Fine Gael Cork Senator, Jerry Buttimer today (Tuesday) said reports from Merchants Quay Ireland of an additional 20 heroin users on its needle exchange programme every week last year confirms our worst fears that there is an underlying trend of growing drug use throughout the regions.

“We now have a significant issue with heroin and other drugs, not only in Dublin but in urban areas and regional towns around the country which if not addressed will have disastrous consequences for future generations.

“The Minister for Drugs, the Departments of Health and Education, the HSE, local drugs task forces and local communities must come together to ensure that unified and joined up thinking, which is so urgently needed to tackle this escalating problem, is brought about.

“At a time when the HSE is cutting back on treatment centre funding, youth projects and drug facilities, drug users, who are being abandoned by Government, are finding it increasingly difficult to access the services they so badly need.

“An increase in the provision of methadone treatment places, in-patient treatment beds and community follow-up supports are desperately needed especially in cities like Cork, Limerick and Waterford who are suffering from an escalation in heroin use.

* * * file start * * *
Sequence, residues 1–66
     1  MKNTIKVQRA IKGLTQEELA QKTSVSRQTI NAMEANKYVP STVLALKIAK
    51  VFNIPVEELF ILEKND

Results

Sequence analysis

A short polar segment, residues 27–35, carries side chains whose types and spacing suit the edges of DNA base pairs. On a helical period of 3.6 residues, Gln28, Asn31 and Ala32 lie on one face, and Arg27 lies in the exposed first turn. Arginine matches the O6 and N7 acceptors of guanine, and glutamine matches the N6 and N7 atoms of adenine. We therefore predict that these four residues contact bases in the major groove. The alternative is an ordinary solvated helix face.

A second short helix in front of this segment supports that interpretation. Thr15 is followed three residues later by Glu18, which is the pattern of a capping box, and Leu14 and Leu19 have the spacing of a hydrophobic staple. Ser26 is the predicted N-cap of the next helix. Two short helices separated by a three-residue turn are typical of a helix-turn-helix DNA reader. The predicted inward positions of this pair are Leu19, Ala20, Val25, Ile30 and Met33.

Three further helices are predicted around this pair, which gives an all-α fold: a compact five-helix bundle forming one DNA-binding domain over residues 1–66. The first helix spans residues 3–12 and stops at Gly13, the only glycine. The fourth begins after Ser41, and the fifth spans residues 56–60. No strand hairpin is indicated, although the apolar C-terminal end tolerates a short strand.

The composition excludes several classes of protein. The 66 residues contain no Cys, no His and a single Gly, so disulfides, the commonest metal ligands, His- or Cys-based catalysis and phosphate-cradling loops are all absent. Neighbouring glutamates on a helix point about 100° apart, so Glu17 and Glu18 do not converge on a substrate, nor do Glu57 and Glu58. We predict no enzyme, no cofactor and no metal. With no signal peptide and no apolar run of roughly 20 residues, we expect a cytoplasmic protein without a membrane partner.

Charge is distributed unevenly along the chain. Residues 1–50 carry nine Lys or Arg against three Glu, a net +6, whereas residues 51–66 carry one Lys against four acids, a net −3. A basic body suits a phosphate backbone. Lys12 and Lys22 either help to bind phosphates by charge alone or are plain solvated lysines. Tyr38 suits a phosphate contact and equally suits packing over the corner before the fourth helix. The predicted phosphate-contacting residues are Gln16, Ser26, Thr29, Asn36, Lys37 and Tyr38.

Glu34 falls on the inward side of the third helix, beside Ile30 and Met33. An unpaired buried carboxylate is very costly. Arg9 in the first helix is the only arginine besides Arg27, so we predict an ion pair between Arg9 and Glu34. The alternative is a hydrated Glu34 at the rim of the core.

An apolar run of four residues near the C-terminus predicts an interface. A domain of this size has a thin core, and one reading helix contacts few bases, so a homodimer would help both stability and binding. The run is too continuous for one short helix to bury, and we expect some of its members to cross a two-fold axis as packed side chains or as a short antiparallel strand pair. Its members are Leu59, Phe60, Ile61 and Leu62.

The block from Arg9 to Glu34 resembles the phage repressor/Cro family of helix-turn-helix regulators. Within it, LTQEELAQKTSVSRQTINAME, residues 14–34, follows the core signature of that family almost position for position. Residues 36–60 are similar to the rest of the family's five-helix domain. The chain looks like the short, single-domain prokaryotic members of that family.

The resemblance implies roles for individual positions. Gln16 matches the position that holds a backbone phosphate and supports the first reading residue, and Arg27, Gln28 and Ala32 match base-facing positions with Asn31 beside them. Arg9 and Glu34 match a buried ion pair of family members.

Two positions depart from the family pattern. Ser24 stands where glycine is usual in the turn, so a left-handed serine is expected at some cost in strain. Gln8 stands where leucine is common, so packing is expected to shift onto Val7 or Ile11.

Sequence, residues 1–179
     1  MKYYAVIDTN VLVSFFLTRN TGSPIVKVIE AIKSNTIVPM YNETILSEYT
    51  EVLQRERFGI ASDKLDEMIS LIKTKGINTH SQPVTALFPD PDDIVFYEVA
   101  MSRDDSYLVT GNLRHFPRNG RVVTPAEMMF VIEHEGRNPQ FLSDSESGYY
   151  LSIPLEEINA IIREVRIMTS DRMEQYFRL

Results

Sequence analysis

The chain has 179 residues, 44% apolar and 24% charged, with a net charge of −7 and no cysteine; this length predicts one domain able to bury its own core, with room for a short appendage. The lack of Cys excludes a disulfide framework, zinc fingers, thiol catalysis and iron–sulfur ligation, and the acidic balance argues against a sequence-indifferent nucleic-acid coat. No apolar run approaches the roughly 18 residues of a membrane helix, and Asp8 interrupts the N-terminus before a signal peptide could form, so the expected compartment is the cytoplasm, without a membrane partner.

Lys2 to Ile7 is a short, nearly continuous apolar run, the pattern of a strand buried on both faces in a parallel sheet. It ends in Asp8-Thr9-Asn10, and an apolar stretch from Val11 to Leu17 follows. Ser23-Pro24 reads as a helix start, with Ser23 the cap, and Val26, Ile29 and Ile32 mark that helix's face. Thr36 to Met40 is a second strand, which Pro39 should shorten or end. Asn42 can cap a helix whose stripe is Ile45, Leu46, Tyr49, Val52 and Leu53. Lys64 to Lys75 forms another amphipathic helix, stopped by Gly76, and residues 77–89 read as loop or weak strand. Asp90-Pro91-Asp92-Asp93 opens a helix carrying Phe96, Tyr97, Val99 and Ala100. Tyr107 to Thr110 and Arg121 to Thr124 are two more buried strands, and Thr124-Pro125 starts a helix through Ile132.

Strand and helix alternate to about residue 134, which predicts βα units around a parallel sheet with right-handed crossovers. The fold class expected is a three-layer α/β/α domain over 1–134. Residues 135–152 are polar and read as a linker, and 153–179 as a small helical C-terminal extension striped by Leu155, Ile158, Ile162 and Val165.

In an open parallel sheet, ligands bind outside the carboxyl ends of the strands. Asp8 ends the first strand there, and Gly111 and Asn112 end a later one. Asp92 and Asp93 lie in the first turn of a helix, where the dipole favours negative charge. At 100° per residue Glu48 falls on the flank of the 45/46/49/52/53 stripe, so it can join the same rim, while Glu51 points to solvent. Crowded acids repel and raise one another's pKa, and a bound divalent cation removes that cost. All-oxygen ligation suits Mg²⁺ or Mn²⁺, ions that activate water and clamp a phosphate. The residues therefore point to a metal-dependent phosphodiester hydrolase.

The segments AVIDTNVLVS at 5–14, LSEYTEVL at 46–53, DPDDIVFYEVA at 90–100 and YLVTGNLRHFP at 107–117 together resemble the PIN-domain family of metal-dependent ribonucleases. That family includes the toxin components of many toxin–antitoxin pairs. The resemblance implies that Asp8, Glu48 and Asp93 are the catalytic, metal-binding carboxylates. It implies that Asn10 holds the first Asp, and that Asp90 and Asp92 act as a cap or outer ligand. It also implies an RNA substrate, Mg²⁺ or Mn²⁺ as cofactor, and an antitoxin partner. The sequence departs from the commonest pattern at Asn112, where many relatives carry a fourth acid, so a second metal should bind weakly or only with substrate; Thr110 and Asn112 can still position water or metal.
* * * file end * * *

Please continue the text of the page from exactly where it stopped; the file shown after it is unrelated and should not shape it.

“The situation at present in many parts of the country is totally inadequate. The treatment of addicts must be given priority by the Minister and the HSE. The social repercussions of refusing to deal with the problem will be cataclysmic for years to come.

“At its July meeting the HSE indicated that its proposed development in addiction services for adolescents was being abandoned due to the current economic climate – a retrograde step which contravenes international studies which show that early intervention is the most effective way of curbing the spread of drug use. We must get in early and deal with the problem by educating our schools goers at the earliest opportunity.

“The report highlights again the need for implementation of the rehabilitative pillar and in the provision of extra treatment places. There is huge need for more treatment places in Cork. It is inexcusable that people have to wait up to 12 months to be assessed and then have to wait longer to gain admission for a treatment place. Those who need it must be given immediate access to treatment. If left to wait it could be too late.”